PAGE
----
The Office of the United States Trade Representative (“USTR”) released its 2016 “Special 301” Report on Wednesday, detailing how intellectual property is being protected – or better yet, not protected – on a worldwide basis. This yearly report is the result of a review of the state of intellectual property rights protection and enforcement of the U.S.'s trading partners around world, and it is especially relevant in fashion law because it specifies which countries raise concerns due to their intellectual property practices. All the usual suspects regularly make the list, such as China, India, Indonesia, Thailand, and Vietnam, for online piracy, counterfeiting, ineffective systems for protecting against unfair commercial use of U.S. IP rights, etc.
China, Russia and India are among 11 countries targeted by the Obama administration for leaving American producers of music, movies and other copyrighted material open to rampant piracy. The U.S. is placing the 11 countries on a "priority watch list" that subjects them to extra scrutiny and could lead to sanctions if the U.S. brings cases to the World Trade Organization.Also on the list again are Algeria, Argentina, Chile, Indonesia, Kuwait, Thailand, Ukraine and Venezuela.
Not surprisingly, the 2016 report keeps China on its Priority Watch List of U.S. trading partners that have problems protecting intellectual property, enforcing its theft or the market access given to entities relying on intellectual property. The report highlights concerns about China stealing trade secrets, “rampant” online piracy and counterfeiting, ongoing high levels of physical pirated and counterfeit goods, while localization requirements have limited market access for intellectual property developed in or transferred to China.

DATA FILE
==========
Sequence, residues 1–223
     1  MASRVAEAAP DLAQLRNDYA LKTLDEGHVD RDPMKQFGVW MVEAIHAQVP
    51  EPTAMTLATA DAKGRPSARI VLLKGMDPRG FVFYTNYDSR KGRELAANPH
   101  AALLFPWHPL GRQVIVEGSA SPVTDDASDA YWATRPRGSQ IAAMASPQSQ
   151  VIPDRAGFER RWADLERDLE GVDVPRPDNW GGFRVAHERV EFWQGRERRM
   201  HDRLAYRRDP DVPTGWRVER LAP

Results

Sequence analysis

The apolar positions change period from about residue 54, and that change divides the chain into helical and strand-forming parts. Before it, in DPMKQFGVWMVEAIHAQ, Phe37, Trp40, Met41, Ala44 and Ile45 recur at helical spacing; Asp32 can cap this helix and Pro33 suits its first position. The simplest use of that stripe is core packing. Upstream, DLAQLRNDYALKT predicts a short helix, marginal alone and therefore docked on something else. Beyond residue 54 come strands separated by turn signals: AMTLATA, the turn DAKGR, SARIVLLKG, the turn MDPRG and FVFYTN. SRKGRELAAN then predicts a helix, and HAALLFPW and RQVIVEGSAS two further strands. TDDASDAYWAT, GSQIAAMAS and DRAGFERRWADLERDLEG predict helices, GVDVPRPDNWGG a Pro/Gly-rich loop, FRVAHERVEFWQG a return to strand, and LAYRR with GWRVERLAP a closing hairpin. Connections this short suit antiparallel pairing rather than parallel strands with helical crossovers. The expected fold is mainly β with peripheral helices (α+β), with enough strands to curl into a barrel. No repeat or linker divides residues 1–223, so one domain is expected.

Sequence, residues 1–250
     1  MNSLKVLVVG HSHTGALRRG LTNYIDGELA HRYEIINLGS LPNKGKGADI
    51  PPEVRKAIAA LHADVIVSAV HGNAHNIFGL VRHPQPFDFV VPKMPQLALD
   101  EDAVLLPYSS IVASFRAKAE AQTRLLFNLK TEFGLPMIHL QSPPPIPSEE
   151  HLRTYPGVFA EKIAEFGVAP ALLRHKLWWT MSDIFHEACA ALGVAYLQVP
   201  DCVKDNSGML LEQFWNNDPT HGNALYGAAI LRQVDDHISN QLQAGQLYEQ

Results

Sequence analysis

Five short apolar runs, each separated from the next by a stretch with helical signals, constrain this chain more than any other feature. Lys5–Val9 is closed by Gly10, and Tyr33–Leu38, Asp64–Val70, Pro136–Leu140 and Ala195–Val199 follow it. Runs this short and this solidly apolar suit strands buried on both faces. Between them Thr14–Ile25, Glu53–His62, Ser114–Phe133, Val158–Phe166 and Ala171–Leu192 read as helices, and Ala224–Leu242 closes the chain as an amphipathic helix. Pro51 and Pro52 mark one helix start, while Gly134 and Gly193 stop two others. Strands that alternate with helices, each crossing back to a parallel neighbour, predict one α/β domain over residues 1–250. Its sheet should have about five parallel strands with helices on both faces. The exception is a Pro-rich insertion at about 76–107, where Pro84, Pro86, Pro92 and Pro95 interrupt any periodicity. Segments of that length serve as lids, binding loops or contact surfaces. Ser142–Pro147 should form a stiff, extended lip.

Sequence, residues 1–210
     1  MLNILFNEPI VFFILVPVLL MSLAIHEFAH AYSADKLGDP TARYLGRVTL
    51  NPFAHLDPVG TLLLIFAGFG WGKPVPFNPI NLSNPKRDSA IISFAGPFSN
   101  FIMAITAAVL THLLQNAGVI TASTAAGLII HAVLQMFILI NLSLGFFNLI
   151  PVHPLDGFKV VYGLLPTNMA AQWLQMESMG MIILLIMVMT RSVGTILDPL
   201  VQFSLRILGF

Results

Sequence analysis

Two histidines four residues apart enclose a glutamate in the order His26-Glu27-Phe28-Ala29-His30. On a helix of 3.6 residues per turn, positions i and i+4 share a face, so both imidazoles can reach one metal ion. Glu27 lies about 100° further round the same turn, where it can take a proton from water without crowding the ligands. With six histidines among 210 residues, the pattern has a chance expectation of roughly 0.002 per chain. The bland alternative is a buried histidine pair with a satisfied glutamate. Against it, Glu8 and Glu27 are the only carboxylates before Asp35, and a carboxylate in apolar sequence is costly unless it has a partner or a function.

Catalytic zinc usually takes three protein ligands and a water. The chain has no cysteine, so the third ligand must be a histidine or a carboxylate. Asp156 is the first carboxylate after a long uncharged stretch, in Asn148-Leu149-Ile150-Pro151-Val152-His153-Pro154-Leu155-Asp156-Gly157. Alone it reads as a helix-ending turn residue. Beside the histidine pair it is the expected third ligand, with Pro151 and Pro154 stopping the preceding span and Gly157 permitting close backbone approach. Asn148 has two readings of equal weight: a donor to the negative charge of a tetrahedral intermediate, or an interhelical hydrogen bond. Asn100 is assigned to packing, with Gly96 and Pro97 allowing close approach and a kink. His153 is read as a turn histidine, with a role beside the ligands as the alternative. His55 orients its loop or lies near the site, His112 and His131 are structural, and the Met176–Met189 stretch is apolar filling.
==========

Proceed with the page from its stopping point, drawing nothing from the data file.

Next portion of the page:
India also reappears on the list for failing to substantially improvements to its legal framework. The report adds Switzerland to the list because copyright holders have effectively been barred from enforcing their rights against online infringers. The report adds that the country has become a popular host for infringing websites.
“Intellectual property is a critical source of economic growth and high-quality jobs for the United States, and it is more important than ever to prevent foreign governments and competitors from ripping off United States innovators who are trying to support high-paying jobs by exporting their goods and services to consumers around the world,” said U.S. Trade Representative Michael Froman in a statement.